More than 100,000 Ukrainian refugees flee in 24 hours

AFP , Thursday 17 Mar 2022

The number of refugees fleeing Ukraine since Russia's invasion grew by more than 100,000 over the past 24 hours, the United Nations said Thursday.

Ukrainian refugees
Refugees from Ukraine queue to get on buses to other destinations in Poland, outside the train station in Przemysl, near the Ukrainian-Polish border in southeastern Poland on March 16, 2022. AFP

UNHCR, the UN refugee agency, said 3,169,897 Ukrainians had fled across the border since the war began on February 24, a figure up 106,802 since Wednesday's update.

"More than three million people have fled the country, the vast majority women, children and older people who left behind their homes and often family members, not knowing what's to come," the agency said.

"Hour by hour, minute by minute, people are fleeing the terrifying reality of violence in Ukraine. Unless the conflict ends, this heart-breaking crisis is set to grow. We need peace, now."

The UNHCR said that more than two million people still within Ukraine's borders had also fled their homes.

The UN's International Organization for Migration said 162,000 third-country nationals had fled the country, as of Wednesday.

The UNHCR initially estimated that up to four million people could leave Ukraine, but last week admitted that figure might well be revised upwards.

Before the conflict, Ukraine had a population of 37 million in the regions under government control, excluding Russia-annexed Crimea and the pro-Russian separatist regions in the east.

Here is a breakdown of where Ukrainian refugees headed to, according to the UNHCR:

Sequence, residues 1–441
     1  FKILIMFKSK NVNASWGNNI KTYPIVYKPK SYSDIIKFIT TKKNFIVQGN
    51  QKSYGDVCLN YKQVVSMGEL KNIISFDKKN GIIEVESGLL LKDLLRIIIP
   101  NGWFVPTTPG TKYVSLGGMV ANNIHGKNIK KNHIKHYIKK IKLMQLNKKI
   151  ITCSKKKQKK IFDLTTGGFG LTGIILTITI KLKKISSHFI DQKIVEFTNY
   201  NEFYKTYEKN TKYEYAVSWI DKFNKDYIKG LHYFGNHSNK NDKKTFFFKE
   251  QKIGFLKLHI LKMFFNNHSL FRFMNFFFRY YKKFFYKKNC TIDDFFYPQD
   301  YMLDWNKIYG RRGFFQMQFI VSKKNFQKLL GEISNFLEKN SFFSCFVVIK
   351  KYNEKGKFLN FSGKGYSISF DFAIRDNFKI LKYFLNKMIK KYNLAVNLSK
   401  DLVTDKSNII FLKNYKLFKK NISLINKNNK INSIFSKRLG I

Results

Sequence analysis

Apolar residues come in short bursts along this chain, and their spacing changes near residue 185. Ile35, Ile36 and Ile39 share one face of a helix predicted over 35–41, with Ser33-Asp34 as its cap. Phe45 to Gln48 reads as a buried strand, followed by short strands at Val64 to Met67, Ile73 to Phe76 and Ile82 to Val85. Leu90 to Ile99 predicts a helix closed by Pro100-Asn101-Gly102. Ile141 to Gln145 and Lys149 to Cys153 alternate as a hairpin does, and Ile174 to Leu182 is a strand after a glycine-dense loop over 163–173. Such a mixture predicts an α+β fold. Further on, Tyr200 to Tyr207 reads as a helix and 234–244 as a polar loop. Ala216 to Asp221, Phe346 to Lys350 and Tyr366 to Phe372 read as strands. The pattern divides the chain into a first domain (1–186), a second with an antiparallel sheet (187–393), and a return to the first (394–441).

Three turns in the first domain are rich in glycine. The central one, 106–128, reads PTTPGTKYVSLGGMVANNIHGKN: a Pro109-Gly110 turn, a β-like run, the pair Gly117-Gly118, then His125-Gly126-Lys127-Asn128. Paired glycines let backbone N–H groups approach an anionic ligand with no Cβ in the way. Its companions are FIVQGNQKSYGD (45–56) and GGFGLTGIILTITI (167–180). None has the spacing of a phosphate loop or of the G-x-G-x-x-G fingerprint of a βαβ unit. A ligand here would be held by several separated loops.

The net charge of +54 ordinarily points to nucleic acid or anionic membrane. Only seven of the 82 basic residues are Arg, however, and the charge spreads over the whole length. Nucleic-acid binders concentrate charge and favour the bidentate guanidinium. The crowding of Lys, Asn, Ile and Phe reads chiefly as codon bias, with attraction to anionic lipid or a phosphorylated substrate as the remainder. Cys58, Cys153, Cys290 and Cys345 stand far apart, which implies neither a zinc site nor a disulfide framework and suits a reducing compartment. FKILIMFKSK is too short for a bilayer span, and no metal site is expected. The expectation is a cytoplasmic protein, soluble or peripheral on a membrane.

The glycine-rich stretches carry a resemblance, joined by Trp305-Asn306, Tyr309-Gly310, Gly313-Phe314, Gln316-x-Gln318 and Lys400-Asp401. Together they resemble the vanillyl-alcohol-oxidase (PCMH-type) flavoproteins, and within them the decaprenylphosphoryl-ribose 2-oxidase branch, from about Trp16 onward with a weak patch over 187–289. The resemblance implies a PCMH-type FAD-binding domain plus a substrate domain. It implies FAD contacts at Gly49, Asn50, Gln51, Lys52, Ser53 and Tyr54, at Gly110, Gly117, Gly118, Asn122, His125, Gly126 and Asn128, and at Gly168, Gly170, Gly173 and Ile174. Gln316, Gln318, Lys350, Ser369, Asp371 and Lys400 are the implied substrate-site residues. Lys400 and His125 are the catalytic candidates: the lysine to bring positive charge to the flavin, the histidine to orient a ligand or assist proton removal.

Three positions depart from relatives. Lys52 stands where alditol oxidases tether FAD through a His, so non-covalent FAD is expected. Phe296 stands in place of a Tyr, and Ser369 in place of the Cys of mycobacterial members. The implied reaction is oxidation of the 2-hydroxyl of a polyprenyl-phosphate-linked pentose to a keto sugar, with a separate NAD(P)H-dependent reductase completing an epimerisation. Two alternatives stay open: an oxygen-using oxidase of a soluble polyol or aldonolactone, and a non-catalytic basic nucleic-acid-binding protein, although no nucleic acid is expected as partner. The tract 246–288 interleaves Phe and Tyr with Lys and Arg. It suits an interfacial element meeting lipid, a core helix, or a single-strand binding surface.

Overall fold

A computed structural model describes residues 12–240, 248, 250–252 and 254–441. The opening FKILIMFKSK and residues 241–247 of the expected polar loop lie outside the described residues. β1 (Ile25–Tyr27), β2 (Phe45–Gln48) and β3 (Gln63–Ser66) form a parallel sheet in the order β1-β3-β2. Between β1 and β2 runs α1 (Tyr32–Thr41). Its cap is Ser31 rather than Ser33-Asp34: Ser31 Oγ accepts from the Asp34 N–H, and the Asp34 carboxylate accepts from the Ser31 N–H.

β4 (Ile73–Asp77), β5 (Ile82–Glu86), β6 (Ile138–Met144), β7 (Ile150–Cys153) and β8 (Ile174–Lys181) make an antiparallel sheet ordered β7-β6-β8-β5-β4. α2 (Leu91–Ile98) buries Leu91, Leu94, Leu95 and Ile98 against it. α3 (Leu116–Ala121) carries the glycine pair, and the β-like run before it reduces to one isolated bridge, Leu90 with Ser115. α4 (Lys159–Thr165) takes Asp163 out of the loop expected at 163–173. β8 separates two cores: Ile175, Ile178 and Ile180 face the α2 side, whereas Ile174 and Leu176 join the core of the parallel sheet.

Six in 10 Ukrainian refugees crossed the Polish border, or some 1,916,445 people so far.

The Polish border guards said incoming numbers were down 11 percent on Wednesday compared to Tuesday.

Tens of thousands of people are also entering Ukraine from Poland -- mostly those returning to fight but also others seeking to care for elderly relatives or returning to bring their families out to Poland.

Before the crisis, around 1.5 million Ukrainians lived in Poland, the vast majority working in the EU nation.

The data of arrivals into Ukraine's neighbouring countries which are in Europe's Schengen open-borders zone -- Poland, Hungary and Slovakia -- only represent border crossings into that country.

"We estimate that a large number of people have moved onwards to other countries," UNHCR said.


The UNHCR said 491,409 people had made their way into neighbouring Romania, including people who had crossed over from Moldova to reach the EU member state.

The UNHCR figures per neighbouring country are 271,283 higher than their overall total -- a difference which the agency says reflects the number of people who crossed between Moldova and Romania.

The vast majority are thought to have made their way onto other countries further into Europe.


The UNHCR said 350,886 Ukrainians had crossed into the non-EU state. It is the closest border to the major port city of Odessa.

Many Ukrainians fleeing the fighting transit through Moldova, a small nation of 2.6 million people and one of the poorest in Europe, en route westwards to Romania and other countries beyond.


A total of 282,611 Ukrainian refugees crossed into Hungary.

Hungary has five border posts with Ukraine and several frontier towns, including Zahony, where local authorities have turned public buildings into emergency centres for refugees.


Some 228,844 refugees made it across Ukraine's shortest border into Slovakia.


Some 168,858 refugees have sought shelter in Russia.

In addition, UNHCR said 50,000 people had crossed into Russia from the pro-Russian Donetsk and Lugansk regions of eastern Ukraine between February 21 and 23.


Some 2,127 refugees have made it to Belarus, the UNHCR says.

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